Unopened vials of BOTOX should be stored in a refrigerator (2° to 8°C) for up to 36 months. Do not use after the expiration d ate on the vial. Administer BOTOX within 24 hours of reconstitution; during this period reconstituted BOTOX should be stored in a refrigerator (2° to 8°C). Reconstituted BOTOX should be clear, colorless, and free of particulate matter.
Individuals with peripheral motor neuropathic diseases, amyotrophic lateral sclerosis or neuromuscular junction disorders (e. g., myasthenia gravis or Lambert-Eaton syndrome) should be monitored when given botulinum toxin. Patients with neuromuscular disorders may be at increased risk of clinically significant effects including generalized muscle weakness, diplopia, ptosis, dysphonia, dysarthria, severe dysphagia and respiratory compromise from therapeutic doses of BOTOX [see Dysphagia And Breathing Difficulties].
The drug has come a long way since its ability to smooth facial wrinkles was first discovered, by accident. In the 1970s, ophthalmologist Dr. Alan B. Scott started studying the toxin as a therapy for people with a medical condition that rendered them cross-eyed. "Some of these patients that would come would kind of joke and say, 'Oh, Doctor, I've come to get the lines out.' And I would laugh, but I really wasn't tuned in to the practical, and valuable, aspect of that," Scott told CBS in 2012. Scott named the drug Oculinum and formed a company of the same name in 1978. In 1989 he received FDA approval for the treatment of strabismus (the crossed-eye disorder) and abnormal eyelid spasms.

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If you are seeking a Botox specialist, I have more than thirty years experience injecting Botox in New York City and New Jersey. I am a recognized oculoplastic surgeon – you can find me on Google as Dr. Joel E. Kopelman. I have authored several peer reviewed articles regarding the efficacy and safety of Botox injections. You can easily make an appointment to see me in consultation at our office +1 (212) 831-8333 to set up a consultation with me in either New York or New Jersey.

Jump up ^ van Ermengem E (1979). "Classics in infectious diseases. A new anaerobic bacillus and its relation to botulism. E. van Ermengem. Originally published as "Ueber einen neuen anaëroben Bacillus und seine Beziehungen zum Botulismus" in Zeitschrift für Hygiene und Infektionskrankheiten 26: 1–56, 1897". Reviews of Infectious Diseases (in German). 1 (4): 701–19. PMID 399378. Original doi:10.1007/BF02220526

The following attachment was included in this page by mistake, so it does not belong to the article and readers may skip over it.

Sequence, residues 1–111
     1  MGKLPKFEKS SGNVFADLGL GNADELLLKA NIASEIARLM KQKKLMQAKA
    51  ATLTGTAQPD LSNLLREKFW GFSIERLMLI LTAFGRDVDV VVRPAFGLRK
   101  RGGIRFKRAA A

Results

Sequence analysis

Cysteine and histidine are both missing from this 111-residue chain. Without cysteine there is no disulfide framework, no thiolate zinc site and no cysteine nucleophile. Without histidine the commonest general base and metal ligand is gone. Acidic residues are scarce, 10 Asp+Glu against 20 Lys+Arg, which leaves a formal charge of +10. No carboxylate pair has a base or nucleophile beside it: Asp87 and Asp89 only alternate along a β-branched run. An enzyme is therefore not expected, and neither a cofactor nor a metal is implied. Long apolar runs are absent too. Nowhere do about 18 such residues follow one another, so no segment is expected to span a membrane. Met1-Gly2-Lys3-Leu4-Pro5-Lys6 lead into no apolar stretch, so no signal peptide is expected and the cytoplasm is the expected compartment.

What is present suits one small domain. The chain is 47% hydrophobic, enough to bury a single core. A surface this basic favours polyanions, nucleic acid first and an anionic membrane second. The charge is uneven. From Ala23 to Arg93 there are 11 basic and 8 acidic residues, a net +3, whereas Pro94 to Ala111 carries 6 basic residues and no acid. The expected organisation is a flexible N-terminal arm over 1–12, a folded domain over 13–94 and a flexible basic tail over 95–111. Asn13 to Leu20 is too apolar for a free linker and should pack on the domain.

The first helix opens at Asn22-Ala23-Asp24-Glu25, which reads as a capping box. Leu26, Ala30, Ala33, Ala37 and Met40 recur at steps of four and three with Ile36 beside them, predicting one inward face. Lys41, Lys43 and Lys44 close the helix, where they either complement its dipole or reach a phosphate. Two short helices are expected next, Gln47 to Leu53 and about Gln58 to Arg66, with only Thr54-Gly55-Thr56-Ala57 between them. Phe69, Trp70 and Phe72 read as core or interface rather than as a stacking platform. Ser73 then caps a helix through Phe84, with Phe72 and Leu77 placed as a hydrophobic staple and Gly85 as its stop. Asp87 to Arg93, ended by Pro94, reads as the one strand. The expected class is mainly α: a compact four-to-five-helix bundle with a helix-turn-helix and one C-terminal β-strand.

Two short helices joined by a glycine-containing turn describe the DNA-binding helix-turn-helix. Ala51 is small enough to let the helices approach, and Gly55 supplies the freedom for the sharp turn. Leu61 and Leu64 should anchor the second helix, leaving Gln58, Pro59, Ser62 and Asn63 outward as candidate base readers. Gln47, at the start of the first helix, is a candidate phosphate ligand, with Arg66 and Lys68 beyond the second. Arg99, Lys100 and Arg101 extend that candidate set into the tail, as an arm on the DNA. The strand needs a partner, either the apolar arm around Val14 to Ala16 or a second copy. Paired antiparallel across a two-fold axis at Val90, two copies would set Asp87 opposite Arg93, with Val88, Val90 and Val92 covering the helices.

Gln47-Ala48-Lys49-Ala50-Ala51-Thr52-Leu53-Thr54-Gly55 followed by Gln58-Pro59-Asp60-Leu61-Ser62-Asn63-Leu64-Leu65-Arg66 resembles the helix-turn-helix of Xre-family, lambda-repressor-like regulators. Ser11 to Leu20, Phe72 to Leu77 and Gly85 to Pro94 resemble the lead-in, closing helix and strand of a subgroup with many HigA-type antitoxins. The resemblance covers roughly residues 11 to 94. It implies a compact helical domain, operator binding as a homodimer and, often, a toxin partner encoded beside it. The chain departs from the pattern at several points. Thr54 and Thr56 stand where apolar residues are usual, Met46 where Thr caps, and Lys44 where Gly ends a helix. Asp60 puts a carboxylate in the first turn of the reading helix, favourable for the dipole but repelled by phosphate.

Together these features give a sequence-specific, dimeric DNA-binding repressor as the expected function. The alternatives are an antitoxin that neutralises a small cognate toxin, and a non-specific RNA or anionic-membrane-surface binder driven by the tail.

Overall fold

Most physicians pay roughly the same amount of money to purchase a vial of Botox. However, the cost of a Botox treatment is not the same among all providers. Botox is not an ordinary commodity such as wheat or sugar or flour. Botox is a medical procedure that requires nuance, experience and expertise. All Botox providers are not equal in education or skill and some are actually quite poor. Most Botox providers charge either by the amount of Botox used or by the region of the face treated. I feel that charging by the amount of Botox used is the most equitable.

[b] These values represent the prospectively planned method for missing data imputation a nd statistical test. Sensitivity analyses indicated that the 95% confidence interval excluded the value of no difference between groups and the p -value was less than 0.05. These analyses included several alternative missing data imputation methods and non-parametric statistical tests.

In response to the occurrence of these side effects, in 2008 the U.S. Food and Drug Administration notified the public of the potential dangers of the botulinum toxin as a therapeutic. Namely, they warned that the toxin can spread to areas distant from the site of injection and paralyze unintended muscle groups, especially when used for treating muscle spasticity in children treated for cerebral palsy.[28] In 2009, the FDA announced that boxed warnings would be added to available botulinum toxin products, warning of their ability to spread from the injection site.[29] Additionally, the FDA announced name changes to several botulinum toxin products, meant to emphasize that the products are not interchangeable and require different doses for proper use. Botox and Botox Cosmetic were renamed onabotulinumtoxinA, Myobloc was renamed rimabotulinumtoxinB, and Dysport name renamed abobotulinumtoxinA.[29] In conjunction with this, the FDA issued a communication to health care professionals reiterating the new drug names and the approved uses for each.[30] A similar warning was issued by Health Canada in 2009, warning that botulinum toxin products can spread to other parts of the body.[31]